And I rent. No mortgage.

==

A taste of things to come:

My bookkeeper just came by to pick up some bills and told me a shocking story. Earlier today she was with another of her clients, a guy who owns a car wash. The man has a cash crisis and was trying to collect $7,000 from Chevy/GM car dealer that used his services to wash new cars before sending them out of the showroom. Someone from the Washington Sewer and Sanitary Service (WSSC) showed up to turn off his water because he had not paid his water bill.

Hopefully you appreciate that if you do not have running water you cannot wash cars. The desperate businessman pleaded for an additional day and headed for the Chevy dealer. Lo and behold, who does he meet, but the WSSC guy who is going to turn off the water at the dealership as well.

At least we are going to be conserving water. That’s the silver lining, right?

http://www.noquarterusa.net/blog/2008/1 ... ine-shaft/
Engineering is the art of making what you want from what you can get at a profit.

joedead
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Location: Manhattan, NY

Postby joedead » Fri Jan 23, 2009 12:32 am

Dystopians are having a field day.

Jim Kunstler on technology and the failure to "re-localize."

The techies for the most part are not so interested in this. Just look at the assholes in NASA who are still fantasizing about space travel when we need to teach tens of millions of Americans how to garden!



http://broadcast.oreilly.com/2009/01/in ... rd-ku.html

This just pisses me off....

:x

Anyone else want to rant?

Skipjack
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Postby Skipjack » Fri Jan 23, 2009 1:20 am

The romans were actually proles compared to the greek, who had a more advanced civilization, actually. The romans just were a bigger military power that conquered and assimilated ancient greece.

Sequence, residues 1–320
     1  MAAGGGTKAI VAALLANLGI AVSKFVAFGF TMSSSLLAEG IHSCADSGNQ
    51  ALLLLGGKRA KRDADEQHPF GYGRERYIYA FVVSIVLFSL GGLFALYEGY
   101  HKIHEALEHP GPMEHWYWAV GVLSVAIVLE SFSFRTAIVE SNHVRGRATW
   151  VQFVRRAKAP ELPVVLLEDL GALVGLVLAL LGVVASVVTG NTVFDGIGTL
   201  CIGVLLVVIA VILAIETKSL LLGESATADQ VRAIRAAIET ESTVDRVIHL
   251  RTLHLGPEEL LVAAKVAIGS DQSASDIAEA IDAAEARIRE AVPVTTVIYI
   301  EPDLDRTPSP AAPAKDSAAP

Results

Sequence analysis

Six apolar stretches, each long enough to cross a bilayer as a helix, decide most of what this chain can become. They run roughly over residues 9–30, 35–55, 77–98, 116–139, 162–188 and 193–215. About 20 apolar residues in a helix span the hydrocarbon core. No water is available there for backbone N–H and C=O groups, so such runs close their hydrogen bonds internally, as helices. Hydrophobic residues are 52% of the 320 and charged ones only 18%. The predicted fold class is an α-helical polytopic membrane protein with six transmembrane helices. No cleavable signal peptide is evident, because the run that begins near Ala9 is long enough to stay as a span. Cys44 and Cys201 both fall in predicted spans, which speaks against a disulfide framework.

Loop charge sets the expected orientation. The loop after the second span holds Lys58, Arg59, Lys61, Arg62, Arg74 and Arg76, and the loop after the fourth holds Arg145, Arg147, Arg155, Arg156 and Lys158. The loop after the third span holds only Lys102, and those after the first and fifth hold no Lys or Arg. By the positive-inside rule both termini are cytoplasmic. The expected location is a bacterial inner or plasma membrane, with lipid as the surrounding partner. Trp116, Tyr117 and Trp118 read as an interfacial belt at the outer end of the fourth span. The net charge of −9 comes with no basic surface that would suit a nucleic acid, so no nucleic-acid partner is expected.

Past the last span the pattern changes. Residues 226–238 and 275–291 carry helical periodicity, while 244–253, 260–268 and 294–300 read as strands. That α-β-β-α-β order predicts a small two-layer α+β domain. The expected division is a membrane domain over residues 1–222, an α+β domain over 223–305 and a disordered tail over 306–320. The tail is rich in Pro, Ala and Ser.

The middle ages were not as bad as the 15th century when the inquisition and the catholic church restricted pretty much any free thinking.
That said, the worse the economy the less people will care about the environment or social ideas. These things only work when people have lots of money to spare for this. "Green" products, or cars, or whatever, are luxury items to most people. Only if green was to be more economic than what we have now, it will find wide acceptance. Right now it is not.
Nuclear power is to expensive to be competitive at the moment unfortunately. It might be more economical than some other green alternatives though. I hope that nuclear fusion of some sorts (polywell or other) will change that in the mid term at least.

joedead
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Postby joedead » Fri Jan 23, 2009 3:12 am

Do you think the economic crash and subsequent search for some way to stimulate the economy could fast track polywell? I remember seeing someone post that it would take at least 10 years to get em on the grid, if functional.